Pope Vatican

How Pope Francis spoke to the deaf

David Lozada
How Pope Francis spoke to the deaf
Sign language interpreters for the deaf played a crucial role in telling the world of Pope Francis' message for the young, the old, and those with disabilities

MANILA, Philippines – When Pope Francis visited the Philippines from January 15 to 19, he delivered strong, inspiring messages to Filipino Catholics. The charismatic pope made sure his messages were heard loud and clear, even to those who could not speak or hear. 

At the Pope’s most important events, papal visit organizers and television stations made sure sign language interpreters were available for the deaf.

“The pope’s visit created a lot of ‘noise’ in the Filipino deaf community, especially when they saw the sign language interpreters in most, if not all, television networks,” said Naty Natividad, one of the interpreters assigned to GMA-7.

Natividad, who works for the De La Salle – College of Saint Benilde (DLS-CSB) Deaf Life Skills Development Program, said interpreting for the deaf is as important as translating different languages into English.

“What if monsignor Mark Miles did not understand the pope and did not relay everything? What if there was no voice over translation for the Latin part of the mass? Would the pope’s message, expressed from his heart in his spontaneity, be as inspiring and moving had it not been translated to English,” she said.

Natividad added: “If the interpreter of the pope was not present, then hearing people would feel what deaf people experience every day – left out, not knowing what’s going on, always at a loss, and not understanding.”

‘Tell the world of his love’

GOD'S MESSAGE. A deaf interpreter relays Pope Francis' message to deaf people during the pontiff's encounter with families in the MOA Arena. Photo from Rappler

For Teresa Buenaventura, also a faculty member of DLS-CSB School of Deaf Education, interpreting God’s message to the deaf is a ministry. 

“It was very challenging, inspiring, and a deeply spiritual experience not only for me but I guess to the other interpreters as well. The difficult part is to be deeply engaged in the message of the pope since part of our Code of Ethics is not to be emotionally involved,” the 52-year-old said.

Pope Francis’ homily in Tacloban was particularly a challenge for Buenaventura, as she was carried away with the pope’s message to the Typhoon Yolanda survivors.

“How could one not be emotionally affected when the pope started his homily in Tacloban? I was on the brink of tears but I had to control my emotions at that instance,” she added. 

To the people in silence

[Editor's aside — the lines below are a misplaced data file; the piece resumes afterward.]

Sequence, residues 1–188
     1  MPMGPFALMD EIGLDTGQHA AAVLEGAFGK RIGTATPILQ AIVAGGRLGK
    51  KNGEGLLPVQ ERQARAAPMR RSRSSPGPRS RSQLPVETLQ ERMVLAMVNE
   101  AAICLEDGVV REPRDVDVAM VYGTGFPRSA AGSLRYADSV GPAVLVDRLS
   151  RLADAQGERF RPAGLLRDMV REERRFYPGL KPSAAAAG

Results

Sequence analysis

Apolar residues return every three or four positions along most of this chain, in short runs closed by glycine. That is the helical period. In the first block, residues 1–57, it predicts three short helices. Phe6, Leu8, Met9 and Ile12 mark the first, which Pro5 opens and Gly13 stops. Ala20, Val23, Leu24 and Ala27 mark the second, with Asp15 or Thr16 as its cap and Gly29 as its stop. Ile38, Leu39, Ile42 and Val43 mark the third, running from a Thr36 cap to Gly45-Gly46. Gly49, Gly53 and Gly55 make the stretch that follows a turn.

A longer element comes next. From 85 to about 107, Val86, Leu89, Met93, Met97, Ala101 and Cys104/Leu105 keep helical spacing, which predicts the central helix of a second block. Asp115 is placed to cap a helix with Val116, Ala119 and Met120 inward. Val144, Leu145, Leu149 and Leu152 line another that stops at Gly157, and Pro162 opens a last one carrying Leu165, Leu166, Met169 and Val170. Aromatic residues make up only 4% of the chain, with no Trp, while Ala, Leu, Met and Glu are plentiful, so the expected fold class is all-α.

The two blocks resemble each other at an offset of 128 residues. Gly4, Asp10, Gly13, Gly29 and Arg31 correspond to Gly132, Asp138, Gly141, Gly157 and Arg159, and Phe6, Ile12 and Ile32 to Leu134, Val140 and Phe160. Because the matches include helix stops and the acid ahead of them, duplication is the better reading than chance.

One of Pope Francis’ most touching message for the interpreters was about silence. During his homily in Tacloban, the raincoat-clad pope called for silence for the victims and survivors of the super typhoon. (READ: The silence of Pope Francis

In a press conference after the pope’s Tacloban visit, Manila Archbishop Antonio Luis Cardinal Tagle said the pope was “reduced to silence” after hearing the stories of the survivors.

This, according to Natividad, is not only a spiritual practice but a call to greater understanding of deaf people. 

“Most hearing people or even television networks do not really understand the importance of giving access to information for the deaf through the use of sign language… For most people, a small box at the corner of their television set is bothersome,” Natividad added.

Another touching act by the pope was during his encounter with a deaf family in the MOA Arena. Pope Francis learned how to say “I love you” in sign language after the family gave their speech.

Natividad said the papal visit also brought to surface people’s ignorance and general apathy toward the deaf community. One television network removed the sign language interpreter picture inset just because there was a change in segment programming, while continuously airing the pope’s speech. 

“This was being insensitive to the rights of the deaf to have access and inclusion. The interpreters and the team could not do anything at that point but there were lessons learned,” she explained. 

After the papal visit, what’s next?

In spite of the challenges, Buenaventura said the papal visit was a big step towards promoting deaf awareness in the country.

Pope Francis interacts thru a sign language to  Filipino parents with disabilities during a meeting with families at the MOA Arena. Photo by Francis Malasig/EPA

“All in all, I think it turned out very well, deaf students were texting and expressing their reactions in social media. I think that is a relatively good gauge in this technology-inspired world we live in,” she explained.

She added: “It was an honor and a blessing to serve in the masses of the pope as an interpreter. It was our responsibility to deepen our deaf brothers and sisters’ awareness about the papal visit.” 

For Natividad, however, more has to be done to raise awareness on the rights of deaf people, especially for Philippine media. 

“It is my hope that the television networks will look beyond the papal visit, television ratings and competitive gain, and see the widow in putting insets in their news and TV programs. Not just for mercy to deaf people but because it’s their right to be informed, to have access, and to be included,” she concluded. – Rappler.com

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